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Summer 2023: Sawyer cultivates creativity around the globe

With the beginning of the 2023-2024 academic year, many UNC School of Education community members — undergraduates, graduate students, and faculty members — are returning to campus with summer experiences that will serve them inside the classroom and in their work to better the world through education. 

For Keith Sawyer, Ph.D., the Morgan Distinguished Professor of Educational Innovations, the summer took him to Scandinavia and to Aspen, Colo., where he shared his expertise in the learning sciences and creativity with a variety of audiences. 

“It’s very exciting that my research has had an impact both nationally and internationally,” Sawyer said. “Research-based teaching can improve outcomes, whichever country and language. Many countries around the world have decided that creativity is an important ability for their school graduates — both for economic growth and career, and for personal fulfillment.”  

May 23-28, Sawyer traveled to Helsinki, where he serves as an external advisor on an Academy of Finland-funded grant that is studying how educators use studio practices of making to guide students to learn creativity more effectively.  

As part of the project, the MakerStudioPeda project, researchers are analyzing pedagogical practices that foster creativity in university-level design education and craft teacher education in the digital age. 

While in Finland, Sawyer visited the University of Helsinki’s Faculty of Educational Sciences and Aalto University, one of Finland’s top universities and one of the highest-ranked design schools in the world. At Aalto University, he worked with students in a textile art classroom, where they used computer-controlled looms to create woven art. Sawyer also delivered a public lecture on creativity. 

“Maker spaces are popping up in educational settings from elementary schools to public libraries,” Sawyer said. “Here on the UNC campus, we have a network of maker spaces called BeAM, where any student can use 3D printers, carpentry equipment, or tools for textiles. Research shows that when you get your hands a bit dirty and you make something physical, it can enhance learning and creative outcomes.”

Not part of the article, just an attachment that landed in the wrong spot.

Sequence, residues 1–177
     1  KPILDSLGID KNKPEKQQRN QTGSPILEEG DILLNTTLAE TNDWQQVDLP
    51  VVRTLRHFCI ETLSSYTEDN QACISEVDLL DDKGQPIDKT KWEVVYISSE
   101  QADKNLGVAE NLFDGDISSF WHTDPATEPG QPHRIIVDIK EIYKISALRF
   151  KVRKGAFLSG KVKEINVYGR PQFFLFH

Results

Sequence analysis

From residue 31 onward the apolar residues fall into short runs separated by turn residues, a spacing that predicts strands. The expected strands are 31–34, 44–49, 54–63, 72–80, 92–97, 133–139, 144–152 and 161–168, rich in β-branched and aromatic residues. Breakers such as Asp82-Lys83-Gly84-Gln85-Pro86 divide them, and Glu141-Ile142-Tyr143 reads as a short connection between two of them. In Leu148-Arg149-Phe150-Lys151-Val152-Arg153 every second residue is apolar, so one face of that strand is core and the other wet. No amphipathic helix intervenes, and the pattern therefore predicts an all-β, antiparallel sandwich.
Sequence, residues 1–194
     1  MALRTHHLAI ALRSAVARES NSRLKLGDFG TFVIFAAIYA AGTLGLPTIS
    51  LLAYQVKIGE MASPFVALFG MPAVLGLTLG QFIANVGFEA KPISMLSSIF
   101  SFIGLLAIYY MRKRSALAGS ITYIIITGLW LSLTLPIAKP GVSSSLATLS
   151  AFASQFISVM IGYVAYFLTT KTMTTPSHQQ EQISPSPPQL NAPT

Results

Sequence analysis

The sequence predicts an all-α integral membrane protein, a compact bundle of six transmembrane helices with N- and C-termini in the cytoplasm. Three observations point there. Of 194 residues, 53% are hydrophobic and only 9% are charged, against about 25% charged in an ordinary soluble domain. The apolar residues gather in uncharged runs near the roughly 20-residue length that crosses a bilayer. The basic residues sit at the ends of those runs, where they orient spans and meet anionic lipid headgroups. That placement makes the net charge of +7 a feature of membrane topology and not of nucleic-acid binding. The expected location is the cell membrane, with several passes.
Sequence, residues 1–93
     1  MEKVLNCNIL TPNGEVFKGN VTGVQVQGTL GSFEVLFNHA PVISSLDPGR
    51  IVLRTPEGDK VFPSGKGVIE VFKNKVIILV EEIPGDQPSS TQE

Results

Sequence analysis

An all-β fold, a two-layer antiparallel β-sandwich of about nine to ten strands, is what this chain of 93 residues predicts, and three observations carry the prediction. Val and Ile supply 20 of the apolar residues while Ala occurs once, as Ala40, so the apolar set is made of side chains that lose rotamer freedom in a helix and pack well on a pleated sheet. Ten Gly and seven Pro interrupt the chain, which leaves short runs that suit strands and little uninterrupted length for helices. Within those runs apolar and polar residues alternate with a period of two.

Following his time in Finland, Sawyer traveled to Norway, where his research has impacted the educational landscape for the nation’s students by reimagining the way the country approaches teaching. The University of Oslo provides their expertise to Norway’s Ministry of Education to plan education research and reform. Some of his research was included in a white paper shared with the ministry.  

Sawyer said researchers drew from “The Cambridge Handbook of the Learning Sciences,” a textbook edited by Sawyer that is currently in its third edition, and “The Creative Classroom,” a book Sawyer wrote for teachers seeking to do teach subject-area knowledge in ways that prepare students to create and go beyond that knowledge. 

“In the learning sciences, one finding is that people learn better when they are actively participating,” he said. “My research offers active frameworks to support this. I think of teaching as improvisation — you need to improvise every day to guide the students in their creative explorations of content-area knowledge. But that improvisation has to be guided by structures designed by the teacher. I call it guided improvisation, and it’s the key to creative teaching and learning. 

Like Finland, Norway is also experiencing a growing maker movement. Sawyer was invited to deliver another public lecture in conjuncture with a public Ph.D. dissertation defense focused on the launch of a makerspace in the new downtown Oslo public library. The thesis, “Once upon a time, there was an inventor: A Cultural historical study of making in a public library context,” was the topic of the day at the University of Oslo’s Department of Education. 

After returning to the U.S., on June 30, Sawyer traveled to Aspen, Colo., to speak at the 19th annual Aspen Ideas Festival hosted by the Aspen Institute.  

Sawyer joined Sheena Iyengar, a best-selling author and professor at the Columbia Business School, and Annie Murphy Paul, author of “The Extended Mind” and a senior writer for the NPR podcast Hidden Brain, for a discussion titled “Unlocking the Creative Mind: The Science Behind Innovation and Imagination.” The three delved into the intersection of psychology, neuroscience, and social dynamics, shedding light on how our choices and creative processes shape our lives and the world around us. 

Watch their full discussion: 

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